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Broken Blood Vessels and Their Treatment

By Editorial Team (Y)
March 6, 2022
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Broken blood vessels, also called “spider veins” or telangiectasia, are enlarged or dilated veins just below the surface of the skin that result in small, red lines spreading out into web-shaped form. Spider veins may develop anywhere on the body, but they are more common on the face and legs. Although broken vessels are harmless, they may become a nuisance if they make you self-conscious. However, broken blood vessels are typically treatable.

Broken blood vessels causes

Broken blood vessels tend to develop more frequently in some people than in others. In addition, spider veins can affect anyone at any age, even children.
The most common broken blood vessels causes include:

  • Genetics. The reason for the tendency of telangiectasia to run in families is unknown. In addition, the individual risk of spider veins development increases with age.
  • Exposure to the sun. Blood vessels may enlarge in response to excessive sun exposure. After a sunburn, the top layer of skin may peel off, temporarily exposing some blood vessels on your body.
  • Pregnancy. During pregnancy, estrogen levels can increase, resulting in broken blood vessels. This type of spider vein usually goes away on its own after delivery. 
  • Injuries. A variety of injuries may result in bruising. Broken blood vessels may also be visible when you have bruises on your body.
  • Changes in the weather. The hot weather causes blood vessels to dilate.
  • Consumption of alcohol. Due to the enlargement of blood vessels caused by moderate or occasional alcohol consumption, your skin may flush. In addition, broken blood vessels are caused by heavy drinking or binge drinking. 
  • Pressure caused by sneezing or vomiting. When you sneeze or vomit violently, the blood vessels in your face can be ruptured due to intense pressure.
  • Rosacea. It is a skin condition resulting in flushing and excessive redness. Moreover, in the case of erythematotelangiectatic rosacea (ETR), broken blood vessels may develop.
  • Corticosteroids. Prolonged usage of topical or oral corticosteroids may lead to broken blood vessels.
  • Chemical or environmental irritants.

Broken blood vessels symptoms

Broken blood vessels are fine, threadlike stripes. Usually red or pink, these lines become white under pressure. However, these tiny lines that form due to telangiectasia may become blue or purple with time. Broken blood vessels are typically 1 to 3 millimeters in width. Spider veins are usually harmless but may result in pain and itching.
Broken blood vessels commonly appear on the chin, nose, and cheeks, leading to facial redness. In addition, telangiectases often occur on the legs, arms, back, and chest. Many people refer to broken blood vessels on the legs as spider veins. Spider telangiectasia is characterized by a red, central feeding vessel and branches extending outward.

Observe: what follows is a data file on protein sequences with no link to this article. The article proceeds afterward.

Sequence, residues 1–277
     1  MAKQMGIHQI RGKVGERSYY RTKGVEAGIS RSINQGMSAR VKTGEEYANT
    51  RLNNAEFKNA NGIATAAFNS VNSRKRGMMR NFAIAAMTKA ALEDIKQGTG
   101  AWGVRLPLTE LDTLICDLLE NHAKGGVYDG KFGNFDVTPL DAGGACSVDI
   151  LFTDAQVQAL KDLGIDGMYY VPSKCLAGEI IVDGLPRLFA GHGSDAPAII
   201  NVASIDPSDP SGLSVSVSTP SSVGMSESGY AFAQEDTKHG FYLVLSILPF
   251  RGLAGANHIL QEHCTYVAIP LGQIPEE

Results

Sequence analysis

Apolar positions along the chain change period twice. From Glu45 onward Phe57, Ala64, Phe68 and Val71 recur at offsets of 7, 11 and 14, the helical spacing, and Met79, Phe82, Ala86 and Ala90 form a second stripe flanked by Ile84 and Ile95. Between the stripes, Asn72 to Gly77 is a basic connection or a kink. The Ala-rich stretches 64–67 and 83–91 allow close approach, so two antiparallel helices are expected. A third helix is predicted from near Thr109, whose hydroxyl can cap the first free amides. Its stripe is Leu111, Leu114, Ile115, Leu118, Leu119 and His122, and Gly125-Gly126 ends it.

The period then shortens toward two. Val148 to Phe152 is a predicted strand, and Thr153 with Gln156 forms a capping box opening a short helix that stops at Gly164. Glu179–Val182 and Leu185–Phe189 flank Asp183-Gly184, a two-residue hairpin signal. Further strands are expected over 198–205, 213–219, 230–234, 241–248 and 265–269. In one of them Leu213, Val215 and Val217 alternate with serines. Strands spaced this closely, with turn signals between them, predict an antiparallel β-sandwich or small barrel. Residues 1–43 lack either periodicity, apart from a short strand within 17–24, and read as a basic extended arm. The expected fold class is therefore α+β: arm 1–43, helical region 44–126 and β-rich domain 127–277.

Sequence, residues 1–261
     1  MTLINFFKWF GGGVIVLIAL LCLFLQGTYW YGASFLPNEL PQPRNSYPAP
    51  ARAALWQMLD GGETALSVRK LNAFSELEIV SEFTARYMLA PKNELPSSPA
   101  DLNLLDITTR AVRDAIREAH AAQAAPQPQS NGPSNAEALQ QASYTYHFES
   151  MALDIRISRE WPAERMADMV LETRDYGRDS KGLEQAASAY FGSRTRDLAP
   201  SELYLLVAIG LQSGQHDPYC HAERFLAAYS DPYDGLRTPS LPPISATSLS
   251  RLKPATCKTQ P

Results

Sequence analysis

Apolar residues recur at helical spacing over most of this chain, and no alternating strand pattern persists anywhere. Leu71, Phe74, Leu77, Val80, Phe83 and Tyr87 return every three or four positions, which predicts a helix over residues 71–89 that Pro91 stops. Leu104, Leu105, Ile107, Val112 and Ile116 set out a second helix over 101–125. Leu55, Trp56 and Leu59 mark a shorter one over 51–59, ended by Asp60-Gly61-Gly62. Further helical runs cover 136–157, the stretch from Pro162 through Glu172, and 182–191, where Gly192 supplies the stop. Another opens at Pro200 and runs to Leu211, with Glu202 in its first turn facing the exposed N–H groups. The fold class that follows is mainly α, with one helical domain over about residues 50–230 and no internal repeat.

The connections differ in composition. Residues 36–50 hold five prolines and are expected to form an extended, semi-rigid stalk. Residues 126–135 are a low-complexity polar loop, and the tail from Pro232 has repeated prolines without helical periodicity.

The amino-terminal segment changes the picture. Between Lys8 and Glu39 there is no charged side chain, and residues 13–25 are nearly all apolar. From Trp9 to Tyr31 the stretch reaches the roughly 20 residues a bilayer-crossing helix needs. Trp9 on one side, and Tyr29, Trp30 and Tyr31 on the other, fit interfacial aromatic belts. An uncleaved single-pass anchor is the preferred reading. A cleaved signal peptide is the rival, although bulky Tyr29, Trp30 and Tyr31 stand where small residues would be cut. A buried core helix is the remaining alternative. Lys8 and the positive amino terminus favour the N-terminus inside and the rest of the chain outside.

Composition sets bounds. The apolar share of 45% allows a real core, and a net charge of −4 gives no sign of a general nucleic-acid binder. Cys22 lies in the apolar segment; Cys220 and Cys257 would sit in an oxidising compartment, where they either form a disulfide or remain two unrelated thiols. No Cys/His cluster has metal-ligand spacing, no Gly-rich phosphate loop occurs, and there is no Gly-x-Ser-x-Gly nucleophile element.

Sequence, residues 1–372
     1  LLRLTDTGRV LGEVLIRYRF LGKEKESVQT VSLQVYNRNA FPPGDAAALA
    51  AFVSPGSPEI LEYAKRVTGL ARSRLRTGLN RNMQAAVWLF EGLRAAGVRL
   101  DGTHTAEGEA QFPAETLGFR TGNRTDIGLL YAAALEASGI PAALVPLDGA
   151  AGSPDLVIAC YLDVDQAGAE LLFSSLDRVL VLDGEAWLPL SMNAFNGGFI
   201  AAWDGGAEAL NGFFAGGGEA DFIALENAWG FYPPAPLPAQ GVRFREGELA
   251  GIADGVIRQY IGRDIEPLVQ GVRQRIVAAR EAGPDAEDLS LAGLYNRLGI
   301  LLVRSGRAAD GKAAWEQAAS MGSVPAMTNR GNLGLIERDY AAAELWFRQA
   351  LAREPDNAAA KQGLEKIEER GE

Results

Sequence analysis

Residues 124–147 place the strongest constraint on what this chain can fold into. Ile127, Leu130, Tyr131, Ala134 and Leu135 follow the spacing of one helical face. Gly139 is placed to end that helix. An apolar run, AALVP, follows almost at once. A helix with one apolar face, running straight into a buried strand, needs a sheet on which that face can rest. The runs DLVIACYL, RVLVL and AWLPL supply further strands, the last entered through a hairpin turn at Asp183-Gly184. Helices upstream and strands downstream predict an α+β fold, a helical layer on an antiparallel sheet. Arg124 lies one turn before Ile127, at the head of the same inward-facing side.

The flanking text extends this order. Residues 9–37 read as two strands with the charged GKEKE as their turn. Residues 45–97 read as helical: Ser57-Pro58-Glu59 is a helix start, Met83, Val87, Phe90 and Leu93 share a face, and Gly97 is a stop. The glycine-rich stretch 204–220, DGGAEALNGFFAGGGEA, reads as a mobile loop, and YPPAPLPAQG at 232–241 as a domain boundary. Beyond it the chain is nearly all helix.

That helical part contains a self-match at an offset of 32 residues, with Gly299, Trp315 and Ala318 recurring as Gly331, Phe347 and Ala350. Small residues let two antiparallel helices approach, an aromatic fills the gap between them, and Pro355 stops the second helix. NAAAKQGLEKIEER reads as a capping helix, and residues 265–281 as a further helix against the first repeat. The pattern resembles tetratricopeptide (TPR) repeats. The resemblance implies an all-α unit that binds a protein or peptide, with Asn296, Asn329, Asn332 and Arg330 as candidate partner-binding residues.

The best treatment for broken blood vessels

Even though telangiectasia has no cure, this condition can be managed. Your healthcare provider will prescribe you an appropriate treatment based on your symptoms, cause, and diagnostic tests.
Broken blood vessels resulting from rosacea or acne may be treated with oral or topical medications.
Patients with telangiectases may opt to have them removed, both for cosmetic reasons and because they may cause discomfort. To remove spider veins, the doctor may use sclerotherapy, laser therapy, or excision surgery.

  • Laser therapy. The most straightforward method for treating telangiectasia and broken capillaries is laser therapy. The widened blood vessels can be sealed using laser ablation without much pain and with a short recovery time. 
  • Sclerotherapy. The standard treatment for broken blood vessels on the legs is sclerotherapy. In addition, larger veins respond best to sclerotherapy. This minimally invasive procedure involves injecting saltwater or the chemical solution into the affected vein. It will result in the hardening and disappearing of the veins. Sclerotherapy is effective in treating broken blood vessels, but it can take a long time. 
  • Excision surgery. Widened blood vessels can be removed with excision surgery, but this procedure has a prolonged recovery period and causes significant pain.

In order to prevent broken blood vessels and complement their treatment, you can also take the Khavinson peptide supplement called Vesugen. Vesugen contains peptide bioregulators of blood vessels isolated from plants. This supplement is designed to improve blood circulation and strengthen the cardiovascular system. However, it is not a medication. Instead, Vesugen is a supplement that complements the primary treatment.

Click here to read more about Vesugen.

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